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Seven trends that will affect the future of marketing 

Published 10 March 2021 in Uncategorized • 5 min read

From the opportunities presented by digital marketing to the hazards of failing to grasp that brand transparency is now a crucial marketing asset, here are seven trends that are increasingly impacting your marketing strategy.  

What will define the future of marketing? Trying to predict the future is always a risky thing to do; most of us are terrible at it. But if I had to bet on what the near term will hold, I would put my money on the following 7 trends. 

Your organization will be working on addressing some of them now and those that they are unaware of should be tackled with urgency to keep your value proposition relevant and, above all, to help you be aware of where potential pitfalls may lie.  

1. There will be increasing complexity in consumer purchasing decisions 

Consumers use all kinds of media to make shopping decisions, from YouTube to Facebook, and it’s never been harder to categorize them according to their purchasing preferences. Traditional consumer categories, such as mainstream or high and low end, are been challenged. Segmentation is, therefore, becoming increasingly complex. The same customer could buy one high-end and one low-end product at the same time, selecting the products they want to buy with an unbalanced mix of emotions and rationale.

Once we can travel again, you might easily find someone who would take an EasyJet flight from London to Milan to buy a Gucci bag. Some consumers might not have any emotional connection to airlines and thus the cheapest offer will do. But when it comes to a luxury bag, they might place a value on tradition and craftsmanship.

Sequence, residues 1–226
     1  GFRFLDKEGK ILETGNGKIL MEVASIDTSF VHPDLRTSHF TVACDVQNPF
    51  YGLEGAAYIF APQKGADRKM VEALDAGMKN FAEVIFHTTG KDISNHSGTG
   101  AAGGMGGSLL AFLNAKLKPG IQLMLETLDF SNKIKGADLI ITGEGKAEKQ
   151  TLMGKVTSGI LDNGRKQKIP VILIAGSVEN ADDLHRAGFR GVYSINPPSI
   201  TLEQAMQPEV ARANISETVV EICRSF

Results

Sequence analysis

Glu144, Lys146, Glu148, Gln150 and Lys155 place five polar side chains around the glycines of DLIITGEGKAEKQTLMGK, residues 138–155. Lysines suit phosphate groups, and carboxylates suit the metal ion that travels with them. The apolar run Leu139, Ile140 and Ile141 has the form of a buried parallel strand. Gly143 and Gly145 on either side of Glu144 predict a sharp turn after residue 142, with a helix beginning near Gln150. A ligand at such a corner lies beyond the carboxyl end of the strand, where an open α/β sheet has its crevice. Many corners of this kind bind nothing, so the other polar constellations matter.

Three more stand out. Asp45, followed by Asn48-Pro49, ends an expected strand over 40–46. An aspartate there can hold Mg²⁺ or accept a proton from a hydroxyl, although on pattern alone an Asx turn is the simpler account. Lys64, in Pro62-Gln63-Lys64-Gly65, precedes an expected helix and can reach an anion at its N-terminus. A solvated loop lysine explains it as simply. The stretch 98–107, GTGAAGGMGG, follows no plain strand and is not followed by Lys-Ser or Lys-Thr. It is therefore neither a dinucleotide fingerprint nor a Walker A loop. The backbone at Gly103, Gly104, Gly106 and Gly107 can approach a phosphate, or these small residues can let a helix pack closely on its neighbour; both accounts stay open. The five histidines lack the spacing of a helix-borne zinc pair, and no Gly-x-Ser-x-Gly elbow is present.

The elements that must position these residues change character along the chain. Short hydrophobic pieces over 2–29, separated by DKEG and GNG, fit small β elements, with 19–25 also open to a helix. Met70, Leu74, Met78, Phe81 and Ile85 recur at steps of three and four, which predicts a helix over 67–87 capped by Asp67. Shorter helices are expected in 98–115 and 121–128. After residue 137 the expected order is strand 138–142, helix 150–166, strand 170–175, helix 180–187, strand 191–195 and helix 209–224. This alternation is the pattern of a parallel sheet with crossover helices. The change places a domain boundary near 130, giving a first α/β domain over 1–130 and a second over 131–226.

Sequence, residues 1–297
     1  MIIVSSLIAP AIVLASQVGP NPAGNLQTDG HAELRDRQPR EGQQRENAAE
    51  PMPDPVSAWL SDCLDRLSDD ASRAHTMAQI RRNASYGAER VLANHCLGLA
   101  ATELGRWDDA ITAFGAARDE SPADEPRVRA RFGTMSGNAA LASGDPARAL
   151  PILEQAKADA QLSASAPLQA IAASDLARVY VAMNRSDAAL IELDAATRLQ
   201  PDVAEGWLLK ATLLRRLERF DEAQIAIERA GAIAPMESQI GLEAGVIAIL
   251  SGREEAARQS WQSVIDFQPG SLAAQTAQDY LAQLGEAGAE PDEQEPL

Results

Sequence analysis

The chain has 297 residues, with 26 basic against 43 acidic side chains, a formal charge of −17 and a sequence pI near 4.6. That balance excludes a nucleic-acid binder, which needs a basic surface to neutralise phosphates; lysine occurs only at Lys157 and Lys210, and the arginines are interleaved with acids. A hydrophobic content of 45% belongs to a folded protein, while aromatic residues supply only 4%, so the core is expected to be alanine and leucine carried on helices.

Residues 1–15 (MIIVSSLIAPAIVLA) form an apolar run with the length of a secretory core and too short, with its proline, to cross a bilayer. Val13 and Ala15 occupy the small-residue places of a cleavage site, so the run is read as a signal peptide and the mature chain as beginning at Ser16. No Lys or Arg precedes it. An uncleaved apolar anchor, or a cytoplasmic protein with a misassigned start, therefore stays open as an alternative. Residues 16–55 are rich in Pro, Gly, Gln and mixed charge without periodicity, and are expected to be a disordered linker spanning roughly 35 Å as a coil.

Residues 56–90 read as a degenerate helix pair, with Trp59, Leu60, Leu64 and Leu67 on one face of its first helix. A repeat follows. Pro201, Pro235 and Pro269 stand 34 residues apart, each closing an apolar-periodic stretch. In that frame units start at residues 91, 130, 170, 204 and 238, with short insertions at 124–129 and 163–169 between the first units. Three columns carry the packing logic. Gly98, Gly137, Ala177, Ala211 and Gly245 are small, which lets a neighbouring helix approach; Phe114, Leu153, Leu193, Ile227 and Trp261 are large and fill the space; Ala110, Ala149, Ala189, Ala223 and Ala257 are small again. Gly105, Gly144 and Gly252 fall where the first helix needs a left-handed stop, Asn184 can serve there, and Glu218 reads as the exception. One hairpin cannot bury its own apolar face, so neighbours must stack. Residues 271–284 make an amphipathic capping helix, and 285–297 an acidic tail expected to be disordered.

2. Personalization in product design and communications will be more prevalent 

Thanks to big data, social media and flexible manufacturing, more companies are learning to offer customized products and designs. This trend is reaching a growing number of industries including the health sector.

While pharma companies continue to treat all patients in more or less the same way, they will soon be moving towards personalized medication based on differences, such as age, sex, weight, and medical history. Watch out for many other industries starting to follow suit. 

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 3. Mobile communications are becoming the center of marketing  

There were accusations about WhatsApp giving Facebook its users’ phone numbers to deliver targeted ads. Although getting a text message about one of your favorite products may seem intrusive, so is telemarketing, and that hasn’t gone away. 

As companies attempt to communicate with consumers more and more via their mobile devices, watch out for consumers’ negative reactions if they feel their privacy is being intruded upon.  

4. Transparency will dictate brand-customer relationships 

From The Weinstein Company to Monsanto and even Facebook, the list of disgraced companies keeps getting longer. Businesses cannot escape the transparency offered by social media.